New York home and business owners were installing solar at the same rapid pace they were in other parts of the country with good incentives in the fall of 2012. But Hurricane Sandy has changed the theme of the solar installations home and business owners have made since.
Hurricane Sandy knocked out power in Manhattan, the other four Burroughs of New York City and large territories outside of the city last fall. People went without electricity for weeks and, in some extreme cases, more than a month.
The storm highlighted two things about solar – One: It’s an amazing, plentiful, free and easily accessible source of power. Solar manufacturers donated solar panels and nonprofits wheeled in portable solar generators to neighborhoods in need.
Two: If solar is dependent on the grid it does no good in an emergency. The New York Times reported after the storm about dozens of home and business owners who were disappointed that their grid-tied solar arrays were as useful as paperweights in a power outage.
Since then, more companies have been incorporating battery back up systems and sophisticated inverters that will allow buildings to use the electricity their solar arrays generate even when the power grid quits working.
Ross Solar Group, which installs panels primarily along the East Coast, is one of those companies.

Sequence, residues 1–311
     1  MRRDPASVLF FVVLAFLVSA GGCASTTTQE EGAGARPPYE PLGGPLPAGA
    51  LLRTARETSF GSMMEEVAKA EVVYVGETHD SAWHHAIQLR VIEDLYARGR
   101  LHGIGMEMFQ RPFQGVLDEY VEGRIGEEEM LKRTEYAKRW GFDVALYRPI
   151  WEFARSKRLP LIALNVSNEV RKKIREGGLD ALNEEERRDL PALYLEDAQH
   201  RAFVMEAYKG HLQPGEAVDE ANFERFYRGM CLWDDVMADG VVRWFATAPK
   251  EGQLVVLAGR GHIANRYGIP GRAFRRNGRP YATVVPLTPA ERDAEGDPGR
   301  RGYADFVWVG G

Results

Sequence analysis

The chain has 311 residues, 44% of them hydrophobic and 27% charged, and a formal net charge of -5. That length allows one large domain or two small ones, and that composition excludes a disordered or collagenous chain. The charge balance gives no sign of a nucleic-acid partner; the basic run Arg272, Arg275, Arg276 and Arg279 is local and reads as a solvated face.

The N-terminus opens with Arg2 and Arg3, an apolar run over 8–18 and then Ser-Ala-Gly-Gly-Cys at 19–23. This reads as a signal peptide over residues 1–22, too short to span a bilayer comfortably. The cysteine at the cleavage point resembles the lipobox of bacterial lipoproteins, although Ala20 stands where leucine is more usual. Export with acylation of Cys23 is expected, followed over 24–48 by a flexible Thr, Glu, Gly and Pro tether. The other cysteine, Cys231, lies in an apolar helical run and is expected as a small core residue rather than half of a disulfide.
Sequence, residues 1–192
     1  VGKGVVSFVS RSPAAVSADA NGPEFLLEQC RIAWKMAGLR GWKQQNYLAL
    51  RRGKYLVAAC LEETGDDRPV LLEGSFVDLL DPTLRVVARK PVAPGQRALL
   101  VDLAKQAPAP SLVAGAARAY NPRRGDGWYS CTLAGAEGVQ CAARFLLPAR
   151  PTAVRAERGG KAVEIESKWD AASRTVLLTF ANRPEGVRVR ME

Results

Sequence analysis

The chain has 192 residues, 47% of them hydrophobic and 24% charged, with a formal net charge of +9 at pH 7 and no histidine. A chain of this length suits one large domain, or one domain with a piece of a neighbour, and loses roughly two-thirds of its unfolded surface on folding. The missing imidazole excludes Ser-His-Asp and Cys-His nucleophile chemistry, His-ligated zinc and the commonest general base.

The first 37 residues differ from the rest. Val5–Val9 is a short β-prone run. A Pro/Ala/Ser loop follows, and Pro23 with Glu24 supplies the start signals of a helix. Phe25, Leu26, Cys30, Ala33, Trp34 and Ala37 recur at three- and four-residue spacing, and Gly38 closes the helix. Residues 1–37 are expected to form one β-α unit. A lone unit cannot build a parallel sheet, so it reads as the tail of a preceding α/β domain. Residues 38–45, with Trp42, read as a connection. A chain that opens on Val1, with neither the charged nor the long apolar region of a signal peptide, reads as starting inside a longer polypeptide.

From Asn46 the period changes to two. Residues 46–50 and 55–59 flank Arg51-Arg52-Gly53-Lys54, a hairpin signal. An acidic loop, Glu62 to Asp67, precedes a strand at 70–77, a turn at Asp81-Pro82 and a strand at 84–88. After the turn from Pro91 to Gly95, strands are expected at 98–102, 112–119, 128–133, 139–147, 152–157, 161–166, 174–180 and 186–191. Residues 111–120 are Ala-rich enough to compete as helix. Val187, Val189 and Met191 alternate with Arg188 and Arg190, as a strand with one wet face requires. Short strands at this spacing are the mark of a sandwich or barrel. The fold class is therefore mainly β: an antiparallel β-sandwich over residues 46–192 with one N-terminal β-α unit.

Ross announced this week that it installed a solar array on the roof of a 25,000-square-foot warehouse for Carter, Milchman & Franks in Long Island. The 100-kilowatt solar system is expected to generate all of the electricity the facility needs. But the distinguishing factor in the system is a substantial battery bank that will provide backup power in the event of a black out.
CMF was looking for a backup system that would allow the company to continue doing business during power outages. It worked out that solar was the most economical and sensible way for the company to cover it’s backup power needs.
"In addition to being the cleanest and most reliable solution, the cost of the electric service modification, as well as the cost of the equipment itself was greatly mitigated by the incentives that are available for solar projects," said Robert Kline, Ross’ director of commercial sales